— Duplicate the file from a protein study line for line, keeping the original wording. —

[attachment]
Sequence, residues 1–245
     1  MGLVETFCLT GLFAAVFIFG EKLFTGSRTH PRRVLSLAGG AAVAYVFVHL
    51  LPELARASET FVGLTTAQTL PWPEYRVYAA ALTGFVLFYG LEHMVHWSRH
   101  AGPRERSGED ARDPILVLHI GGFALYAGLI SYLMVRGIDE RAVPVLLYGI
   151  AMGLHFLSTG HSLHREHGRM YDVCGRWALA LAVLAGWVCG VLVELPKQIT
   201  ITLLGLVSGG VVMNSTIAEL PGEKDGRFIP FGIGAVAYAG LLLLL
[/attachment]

Sequence, residues 1–245
     1  MGLVETFCLT GLFAAVFIFG EKLFTGSRTH PRRVLSLAGG AAVAYVFVHL
    51  LPELARASET FVGLTTAQTL PWPEYRVYAA ALTGFVLFYG LEHMVHWSRH
   101  AGPRERSGED ARDPILVLHI GGFALYAGLI SYLMVRGIDE RAVPVLLYGI
   151  AMGLHFLSTG HSLHREHGRM YDVCGRWALA LAVLAGWVCG VLVELPKQIT
   201  ITLLGLVSGG VVMNSTIAEL PGEKDGRFIP FGIGAVAYAG LLLLL